Academy trust behind four East Anglian schools ordered to justify six-figure salaries
PUBLISHED: 16:56 05 February 2019 | UPDATED: 21:31 05 February 2019
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A north Suffolk academy trust has been ordered to justify the high salaries of its top-paid staff.
The Hartismere Family of Schools, based in Eye, is one of 28 academy trusts which will be compelled to justify salaries over £100,000 in a crackdown on “excessive” pay in schools.
Academies minister Lord Agnew has written to the trusts’ chairs of trustees as part of a government commitment to curb salaries seen as excessive in relation to the size, standards and financial health of the trusts.
Lord Agnew, who helped found the Norwich-based academies group the Inspiration Trust, said the government was not afraid to “call out” schools it believed were overpaying staff.
Hartismere Family of Schools includes Hartismere School, a secondary school and sixth form college in Eye, as well as the Benjamin Britten Academy of Music and Mathematics in Lowestoft, Woods Loke Primary School in Oulton Broad and Somerleyton Primary School.
The trust’s accounts for the year to August 31, 2018 show it had one member of staff paid between £100,001 and £200,000, and a further five paid between £60,001 and £100,000.
It and the other 27 trusts in question have been asked to provide details on the pay of executives who earn more than £150,000, and those earning £100,000 if two or more people in the trust are paid a six-figure salary.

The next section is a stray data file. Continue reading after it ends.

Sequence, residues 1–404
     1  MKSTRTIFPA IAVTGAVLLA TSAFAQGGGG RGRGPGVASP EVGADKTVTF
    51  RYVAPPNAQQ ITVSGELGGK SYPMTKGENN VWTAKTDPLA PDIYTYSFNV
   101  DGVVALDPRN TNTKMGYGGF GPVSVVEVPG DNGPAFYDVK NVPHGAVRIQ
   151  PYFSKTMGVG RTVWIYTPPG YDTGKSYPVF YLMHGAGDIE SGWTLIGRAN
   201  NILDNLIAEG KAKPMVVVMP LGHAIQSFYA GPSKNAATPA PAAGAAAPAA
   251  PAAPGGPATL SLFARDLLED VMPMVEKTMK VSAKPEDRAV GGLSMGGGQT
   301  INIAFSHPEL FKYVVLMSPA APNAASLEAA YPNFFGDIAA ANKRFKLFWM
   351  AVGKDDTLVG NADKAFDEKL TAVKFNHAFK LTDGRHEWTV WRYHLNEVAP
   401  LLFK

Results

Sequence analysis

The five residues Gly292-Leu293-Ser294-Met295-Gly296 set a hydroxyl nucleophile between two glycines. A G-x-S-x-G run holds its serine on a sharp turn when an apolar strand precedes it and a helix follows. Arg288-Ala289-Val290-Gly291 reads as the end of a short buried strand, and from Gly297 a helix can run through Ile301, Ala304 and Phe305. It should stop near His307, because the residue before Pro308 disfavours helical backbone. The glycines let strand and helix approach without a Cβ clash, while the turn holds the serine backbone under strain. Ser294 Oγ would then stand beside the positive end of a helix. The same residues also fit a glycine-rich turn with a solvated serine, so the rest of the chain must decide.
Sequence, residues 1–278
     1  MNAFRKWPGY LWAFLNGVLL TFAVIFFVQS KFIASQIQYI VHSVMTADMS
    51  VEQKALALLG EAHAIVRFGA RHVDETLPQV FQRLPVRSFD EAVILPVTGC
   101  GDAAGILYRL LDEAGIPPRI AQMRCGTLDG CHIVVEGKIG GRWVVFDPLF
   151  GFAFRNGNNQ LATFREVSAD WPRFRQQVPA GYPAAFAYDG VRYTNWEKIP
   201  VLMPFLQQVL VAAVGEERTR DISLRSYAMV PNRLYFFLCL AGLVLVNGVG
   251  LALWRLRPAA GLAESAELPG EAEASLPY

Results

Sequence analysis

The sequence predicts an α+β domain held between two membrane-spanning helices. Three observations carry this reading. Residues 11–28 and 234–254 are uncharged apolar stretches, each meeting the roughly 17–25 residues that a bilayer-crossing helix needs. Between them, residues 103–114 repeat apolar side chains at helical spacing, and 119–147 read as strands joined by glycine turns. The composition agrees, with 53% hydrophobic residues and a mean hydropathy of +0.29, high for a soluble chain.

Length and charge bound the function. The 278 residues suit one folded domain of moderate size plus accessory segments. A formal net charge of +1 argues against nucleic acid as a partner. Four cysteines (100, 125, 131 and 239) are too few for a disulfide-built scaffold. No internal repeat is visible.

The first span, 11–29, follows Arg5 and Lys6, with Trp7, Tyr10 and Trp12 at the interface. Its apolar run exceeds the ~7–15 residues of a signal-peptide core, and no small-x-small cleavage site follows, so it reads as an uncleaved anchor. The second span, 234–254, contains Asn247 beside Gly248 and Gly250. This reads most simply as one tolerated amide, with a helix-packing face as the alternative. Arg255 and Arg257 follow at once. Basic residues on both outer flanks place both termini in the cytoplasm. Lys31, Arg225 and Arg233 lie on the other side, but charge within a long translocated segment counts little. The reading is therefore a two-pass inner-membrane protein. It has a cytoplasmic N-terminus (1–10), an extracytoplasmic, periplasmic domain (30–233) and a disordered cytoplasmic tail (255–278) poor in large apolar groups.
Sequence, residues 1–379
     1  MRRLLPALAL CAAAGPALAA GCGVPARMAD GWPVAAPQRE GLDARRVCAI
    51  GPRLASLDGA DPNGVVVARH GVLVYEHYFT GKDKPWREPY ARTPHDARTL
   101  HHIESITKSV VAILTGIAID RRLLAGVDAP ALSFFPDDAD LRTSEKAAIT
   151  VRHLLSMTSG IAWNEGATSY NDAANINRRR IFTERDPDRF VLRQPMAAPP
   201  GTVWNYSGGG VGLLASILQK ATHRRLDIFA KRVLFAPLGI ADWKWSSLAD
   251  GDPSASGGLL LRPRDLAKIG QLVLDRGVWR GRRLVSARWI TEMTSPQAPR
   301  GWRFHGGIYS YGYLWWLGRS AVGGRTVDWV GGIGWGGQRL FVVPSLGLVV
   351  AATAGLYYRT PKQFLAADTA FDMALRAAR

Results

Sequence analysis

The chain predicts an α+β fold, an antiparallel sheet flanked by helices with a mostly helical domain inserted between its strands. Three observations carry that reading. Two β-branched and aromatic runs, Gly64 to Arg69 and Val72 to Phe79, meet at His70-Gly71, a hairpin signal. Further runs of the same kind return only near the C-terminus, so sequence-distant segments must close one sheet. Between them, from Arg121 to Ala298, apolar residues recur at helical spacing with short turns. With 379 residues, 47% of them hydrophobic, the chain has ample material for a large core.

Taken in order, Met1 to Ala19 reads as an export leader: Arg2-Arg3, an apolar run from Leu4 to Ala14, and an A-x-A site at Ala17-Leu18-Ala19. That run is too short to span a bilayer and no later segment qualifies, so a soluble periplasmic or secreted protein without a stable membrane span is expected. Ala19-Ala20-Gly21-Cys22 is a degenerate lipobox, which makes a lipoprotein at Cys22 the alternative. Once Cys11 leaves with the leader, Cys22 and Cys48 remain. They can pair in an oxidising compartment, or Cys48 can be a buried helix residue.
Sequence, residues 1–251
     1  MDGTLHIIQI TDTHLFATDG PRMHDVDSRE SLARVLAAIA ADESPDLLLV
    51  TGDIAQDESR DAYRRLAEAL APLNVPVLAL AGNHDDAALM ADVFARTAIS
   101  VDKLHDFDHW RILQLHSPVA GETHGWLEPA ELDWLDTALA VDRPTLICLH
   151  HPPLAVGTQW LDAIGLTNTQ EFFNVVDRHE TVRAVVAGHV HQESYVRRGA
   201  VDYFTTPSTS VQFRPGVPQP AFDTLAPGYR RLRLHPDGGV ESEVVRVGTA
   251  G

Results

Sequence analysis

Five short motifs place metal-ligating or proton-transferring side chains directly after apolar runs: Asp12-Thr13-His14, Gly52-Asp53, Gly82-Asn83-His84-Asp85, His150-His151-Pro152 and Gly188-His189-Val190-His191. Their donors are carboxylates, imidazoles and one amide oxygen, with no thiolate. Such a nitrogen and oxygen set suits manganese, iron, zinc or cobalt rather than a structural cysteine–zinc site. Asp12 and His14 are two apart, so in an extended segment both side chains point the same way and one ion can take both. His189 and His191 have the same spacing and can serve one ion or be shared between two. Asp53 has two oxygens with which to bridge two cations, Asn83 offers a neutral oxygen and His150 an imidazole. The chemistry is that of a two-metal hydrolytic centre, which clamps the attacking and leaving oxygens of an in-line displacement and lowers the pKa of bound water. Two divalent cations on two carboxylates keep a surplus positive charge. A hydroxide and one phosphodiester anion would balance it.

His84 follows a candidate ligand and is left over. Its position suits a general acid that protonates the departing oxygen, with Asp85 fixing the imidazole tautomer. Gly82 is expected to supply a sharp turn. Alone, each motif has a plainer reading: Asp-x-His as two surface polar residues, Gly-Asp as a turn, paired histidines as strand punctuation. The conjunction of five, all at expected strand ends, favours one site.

The government requires academy trusts to publish high salaries in their accounts to allow a higher level of public scrutiny, as part of efforts to make academy trusts more accountable for the money they spend.
According to the Department for Education, fewer than one in 25 of trusts pay two or more salaries between £100,000 and £150,000.
More than 50pc of pupils in state-funded education in England are now studying at an academy or free school.
Lord Agnew said: “Academies are raising standards in schools across the country – replacing underperforming council-run schools in some of the most disadvantaged areas and helping young people to raise their aspirations through a better standard of education.
“The best academies place freedom in the hands of school leaders but with that autonomy comes greater accountability and transparency, which is why I am insistent that the salaries of their executives are justifiable.
“Just because we are advocates of the academies programme doesn’t mean we won’t call a trust out where we believe they are not acting responsibly.”
In the push for fairer senior pay at academy trusts, the Education and Skills Funding Agency has so far written to the chairs of 213 academy trusts – 45 of which have since reduced salaries